Impact of AIDS-Related Mortality on Farm Household Welfare in Zambia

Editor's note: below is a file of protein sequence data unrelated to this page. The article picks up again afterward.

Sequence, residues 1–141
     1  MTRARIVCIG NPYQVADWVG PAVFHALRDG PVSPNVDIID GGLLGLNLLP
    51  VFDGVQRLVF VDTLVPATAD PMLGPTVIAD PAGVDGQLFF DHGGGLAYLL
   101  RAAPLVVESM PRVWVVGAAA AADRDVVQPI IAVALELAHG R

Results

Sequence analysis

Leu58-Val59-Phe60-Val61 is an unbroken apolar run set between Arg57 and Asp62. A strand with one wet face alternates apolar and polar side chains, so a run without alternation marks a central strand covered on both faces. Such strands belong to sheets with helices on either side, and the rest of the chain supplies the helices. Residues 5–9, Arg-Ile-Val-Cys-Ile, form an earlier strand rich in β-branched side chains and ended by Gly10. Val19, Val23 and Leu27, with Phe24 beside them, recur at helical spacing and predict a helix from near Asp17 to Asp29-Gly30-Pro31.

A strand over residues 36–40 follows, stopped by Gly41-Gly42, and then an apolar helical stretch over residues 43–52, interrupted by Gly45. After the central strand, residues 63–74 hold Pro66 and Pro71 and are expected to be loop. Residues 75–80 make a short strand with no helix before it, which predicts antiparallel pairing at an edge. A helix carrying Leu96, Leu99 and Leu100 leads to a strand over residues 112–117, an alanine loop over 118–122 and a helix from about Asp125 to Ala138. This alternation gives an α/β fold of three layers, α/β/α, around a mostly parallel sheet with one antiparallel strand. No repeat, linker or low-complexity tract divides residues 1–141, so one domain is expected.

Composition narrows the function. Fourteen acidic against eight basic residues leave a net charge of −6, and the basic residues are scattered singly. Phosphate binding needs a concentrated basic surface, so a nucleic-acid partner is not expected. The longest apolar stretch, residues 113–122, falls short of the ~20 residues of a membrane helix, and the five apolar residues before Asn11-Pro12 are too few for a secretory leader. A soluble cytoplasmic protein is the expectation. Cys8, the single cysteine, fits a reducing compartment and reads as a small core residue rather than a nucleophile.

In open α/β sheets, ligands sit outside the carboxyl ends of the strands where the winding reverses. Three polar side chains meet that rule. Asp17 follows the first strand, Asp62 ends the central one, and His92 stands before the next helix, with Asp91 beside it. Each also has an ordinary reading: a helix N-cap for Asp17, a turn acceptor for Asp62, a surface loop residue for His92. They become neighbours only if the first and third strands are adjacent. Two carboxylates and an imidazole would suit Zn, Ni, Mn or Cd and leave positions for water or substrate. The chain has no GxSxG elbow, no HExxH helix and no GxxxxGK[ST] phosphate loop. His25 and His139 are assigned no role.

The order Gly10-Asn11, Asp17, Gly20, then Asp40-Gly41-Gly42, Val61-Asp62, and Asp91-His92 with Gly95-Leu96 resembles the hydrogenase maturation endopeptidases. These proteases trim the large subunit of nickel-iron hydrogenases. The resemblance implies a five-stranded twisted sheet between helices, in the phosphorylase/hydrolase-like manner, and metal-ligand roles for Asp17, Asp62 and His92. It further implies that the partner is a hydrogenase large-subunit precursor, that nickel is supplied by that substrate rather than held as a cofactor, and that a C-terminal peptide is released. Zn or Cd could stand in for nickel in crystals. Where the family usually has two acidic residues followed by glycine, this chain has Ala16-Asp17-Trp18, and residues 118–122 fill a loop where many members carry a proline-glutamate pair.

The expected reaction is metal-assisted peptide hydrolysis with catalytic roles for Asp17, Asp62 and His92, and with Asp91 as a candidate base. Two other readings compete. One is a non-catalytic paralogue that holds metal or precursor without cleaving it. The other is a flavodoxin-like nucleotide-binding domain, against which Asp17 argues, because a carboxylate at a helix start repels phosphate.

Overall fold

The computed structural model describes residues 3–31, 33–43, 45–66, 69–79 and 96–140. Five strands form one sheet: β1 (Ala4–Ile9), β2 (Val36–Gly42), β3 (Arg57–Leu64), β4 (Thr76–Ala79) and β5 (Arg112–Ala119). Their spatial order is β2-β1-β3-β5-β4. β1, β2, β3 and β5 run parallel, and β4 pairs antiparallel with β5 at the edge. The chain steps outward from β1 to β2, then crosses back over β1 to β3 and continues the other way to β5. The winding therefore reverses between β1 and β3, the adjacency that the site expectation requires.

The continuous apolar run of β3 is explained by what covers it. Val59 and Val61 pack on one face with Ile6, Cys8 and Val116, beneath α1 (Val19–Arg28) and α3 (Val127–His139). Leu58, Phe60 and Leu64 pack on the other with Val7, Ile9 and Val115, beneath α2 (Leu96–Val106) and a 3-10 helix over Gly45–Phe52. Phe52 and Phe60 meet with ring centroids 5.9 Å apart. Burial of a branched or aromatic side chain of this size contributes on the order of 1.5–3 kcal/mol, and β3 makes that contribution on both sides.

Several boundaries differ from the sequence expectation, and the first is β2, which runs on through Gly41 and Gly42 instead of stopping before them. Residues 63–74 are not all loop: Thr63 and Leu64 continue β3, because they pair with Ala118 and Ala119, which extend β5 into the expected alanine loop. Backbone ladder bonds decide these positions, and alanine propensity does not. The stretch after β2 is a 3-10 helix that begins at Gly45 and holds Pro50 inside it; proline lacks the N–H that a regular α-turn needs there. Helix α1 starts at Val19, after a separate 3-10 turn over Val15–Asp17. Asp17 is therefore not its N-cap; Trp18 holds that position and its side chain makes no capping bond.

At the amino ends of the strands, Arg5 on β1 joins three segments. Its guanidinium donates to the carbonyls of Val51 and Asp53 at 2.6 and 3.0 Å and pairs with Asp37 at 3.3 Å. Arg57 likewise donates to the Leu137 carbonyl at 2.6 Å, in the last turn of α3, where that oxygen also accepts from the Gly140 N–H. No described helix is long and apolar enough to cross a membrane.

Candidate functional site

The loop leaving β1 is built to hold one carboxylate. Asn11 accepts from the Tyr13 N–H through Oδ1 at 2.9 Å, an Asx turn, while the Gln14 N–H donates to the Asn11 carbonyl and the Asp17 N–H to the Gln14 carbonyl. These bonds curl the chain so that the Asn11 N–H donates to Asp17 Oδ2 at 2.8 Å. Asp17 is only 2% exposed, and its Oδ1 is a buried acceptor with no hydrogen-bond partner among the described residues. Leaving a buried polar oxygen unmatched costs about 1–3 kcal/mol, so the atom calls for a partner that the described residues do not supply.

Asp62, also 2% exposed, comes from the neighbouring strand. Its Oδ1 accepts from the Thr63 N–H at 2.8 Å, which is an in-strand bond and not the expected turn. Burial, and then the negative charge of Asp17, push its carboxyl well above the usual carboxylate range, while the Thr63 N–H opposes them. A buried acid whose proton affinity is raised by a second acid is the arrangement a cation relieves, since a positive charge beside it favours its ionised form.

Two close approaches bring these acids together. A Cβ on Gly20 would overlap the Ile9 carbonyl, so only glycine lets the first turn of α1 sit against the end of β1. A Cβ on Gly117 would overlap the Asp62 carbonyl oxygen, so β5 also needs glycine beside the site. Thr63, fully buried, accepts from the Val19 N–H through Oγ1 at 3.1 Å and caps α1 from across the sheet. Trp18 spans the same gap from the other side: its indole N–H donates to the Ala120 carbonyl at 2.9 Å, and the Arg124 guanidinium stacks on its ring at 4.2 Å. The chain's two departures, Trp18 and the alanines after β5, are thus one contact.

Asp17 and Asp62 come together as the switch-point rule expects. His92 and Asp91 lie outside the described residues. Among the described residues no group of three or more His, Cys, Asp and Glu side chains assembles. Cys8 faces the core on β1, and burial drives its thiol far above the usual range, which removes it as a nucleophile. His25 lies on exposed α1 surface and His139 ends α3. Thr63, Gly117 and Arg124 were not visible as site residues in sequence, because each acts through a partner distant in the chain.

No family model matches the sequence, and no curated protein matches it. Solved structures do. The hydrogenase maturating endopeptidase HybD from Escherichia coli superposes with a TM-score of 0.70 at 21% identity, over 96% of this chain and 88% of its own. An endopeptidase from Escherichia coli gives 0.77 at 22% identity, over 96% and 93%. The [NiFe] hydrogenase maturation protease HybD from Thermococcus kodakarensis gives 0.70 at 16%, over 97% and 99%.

This article uses nationally representative panel data on 5,420 rural households in Zambia, surveyed in 2001 and 2004, to measure the impacts of HIV/AIDS-related prime-age mortality on livelihoods. Using age group and drought shock interactions as instruments for prime-age mortality, we find that prime-age mortality is endogenous in pooled OLS models. However, differencing the time-invariant unobserved household characteristics largely addressed the endogeneity problem. The difference models suggest that the gender and position of the deceased in the household as well as pre-death household characteristics strongly condition the effects of mortality on household welfare outcomes. Most notably, the death of the male household head leads to relatively severe impacts on farm production and livestock assets compared to the death of other adults. Also, the impact of adult mortality is more severe among households that were initially relatively poor. Contrary to conventional wisdom, we find no clear pattern of shifts to labor-saving crops among afflicted households.
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